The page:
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Single chip digitally programmable current source: 0-2mA

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orient

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Hello there,

I am designing a PCB for testing an ASIC taped out a few months back. I wonder if anyone knows a single component that can output a digitally current from 0 to 2mA, a DAC basically.

Of course, it is always possible to add an opamp to a voltage DAC to make it work as a current source, but perhaps someone knows a single component that does that. If so, please...

The resolution is not so important, it will be used to set some bias current for the ASIC.

Thank you.
 

orient

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Yes, this DAC seems very promising indeed. Thanks very much.

However, I couldn't figure out a way to use it as a current source without a companion Opamp. If you have used it before in this mode, would you mind elaborating a bit more, please?

Cheers.
 

skogsjanne

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Many years ago we used a multiplying DAC to add a programmable current to a summing node.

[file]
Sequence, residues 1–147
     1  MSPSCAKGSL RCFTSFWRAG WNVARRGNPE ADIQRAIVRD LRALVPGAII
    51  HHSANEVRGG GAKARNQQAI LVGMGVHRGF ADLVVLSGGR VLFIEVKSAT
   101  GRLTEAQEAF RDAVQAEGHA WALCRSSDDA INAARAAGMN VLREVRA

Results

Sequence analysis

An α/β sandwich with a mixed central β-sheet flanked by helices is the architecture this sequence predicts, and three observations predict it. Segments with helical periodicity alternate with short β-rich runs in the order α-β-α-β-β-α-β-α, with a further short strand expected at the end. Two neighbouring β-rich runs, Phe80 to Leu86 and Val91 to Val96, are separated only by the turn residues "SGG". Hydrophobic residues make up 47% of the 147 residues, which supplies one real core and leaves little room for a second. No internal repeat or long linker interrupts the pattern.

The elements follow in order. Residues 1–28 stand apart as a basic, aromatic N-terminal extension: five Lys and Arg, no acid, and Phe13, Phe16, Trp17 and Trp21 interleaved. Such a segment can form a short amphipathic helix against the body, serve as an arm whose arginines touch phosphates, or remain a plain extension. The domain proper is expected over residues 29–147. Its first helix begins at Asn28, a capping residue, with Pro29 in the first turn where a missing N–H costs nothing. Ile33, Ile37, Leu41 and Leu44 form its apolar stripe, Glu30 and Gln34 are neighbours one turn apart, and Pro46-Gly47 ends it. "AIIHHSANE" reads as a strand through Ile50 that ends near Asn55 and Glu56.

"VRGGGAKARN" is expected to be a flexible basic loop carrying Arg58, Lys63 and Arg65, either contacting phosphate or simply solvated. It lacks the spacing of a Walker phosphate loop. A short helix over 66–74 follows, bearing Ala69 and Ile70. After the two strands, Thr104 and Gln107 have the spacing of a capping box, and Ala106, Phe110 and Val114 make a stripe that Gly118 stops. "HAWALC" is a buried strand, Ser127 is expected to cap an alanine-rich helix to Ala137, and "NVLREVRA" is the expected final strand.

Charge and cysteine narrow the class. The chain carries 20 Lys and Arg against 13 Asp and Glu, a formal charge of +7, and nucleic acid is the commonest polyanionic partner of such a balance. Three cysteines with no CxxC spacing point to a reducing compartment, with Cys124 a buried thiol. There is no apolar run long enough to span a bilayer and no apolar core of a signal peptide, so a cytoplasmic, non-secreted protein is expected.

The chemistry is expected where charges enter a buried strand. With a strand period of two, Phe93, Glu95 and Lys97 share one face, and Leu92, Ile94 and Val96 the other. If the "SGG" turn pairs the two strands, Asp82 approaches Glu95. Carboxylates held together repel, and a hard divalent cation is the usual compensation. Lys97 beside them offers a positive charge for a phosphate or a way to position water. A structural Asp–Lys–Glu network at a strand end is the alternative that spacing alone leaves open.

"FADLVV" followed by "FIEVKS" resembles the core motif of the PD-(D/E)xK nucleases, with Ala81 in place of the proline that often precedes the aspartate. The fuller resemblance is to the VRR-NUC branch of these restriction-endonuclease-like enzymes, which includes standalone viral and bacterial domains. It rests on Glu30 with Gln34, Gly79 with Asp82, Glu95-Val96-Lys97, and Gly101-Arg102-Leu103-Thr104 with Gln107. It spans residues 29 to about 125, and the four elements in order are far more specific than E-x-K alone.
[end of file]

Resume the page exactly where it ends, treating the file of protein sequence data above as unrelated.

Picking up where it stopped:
Figure 43 show how it works. It may be a problem that you need a virtual ground (or at least a constant voltage) for the current to flow into.
I also didn't realise that the values of the resistors could be between 7k and 11k. Only the ratio between the R and 2R is accurate.

Maybe a digital potentiometer is a better choice.

What impedance do you want to inject 0-2mA into? Is the voltage at the input pin constant?
 
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orient

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Indeed, I think a virtual ground is necessary, thus requiring an opamp. The current will be injected into diode-connected NMOS transistor inside the ASIC, which is then used as a reference for mirroring the current for other devices. Another issue is that I need to source a current into the NMOS transistor (not sink current from it).

Anyway, thanks for the help. I am kind of settling to solution based on a simple DAC + an opamp + a reference resistor + a discrete PMOS transistor. I wished I could find a single component solution. I am sure such a component would sell quite a lot... so convenient!
 

skogsjanne

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A diode is of course not a perfect virtual ground but a fair (?) approximation.
If you just need to vary the current into the pin between approximately 0 and 2 mA I think the DAC or even a digital potentiometer would do.
If, on the other hand, you need to know with any precision how much current you source it's not a solution.
 

orient

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I agree, but about 5% of accuracy is good enough for me... This is only to set a bias point for my on-chip circuitry. Thanks.
 

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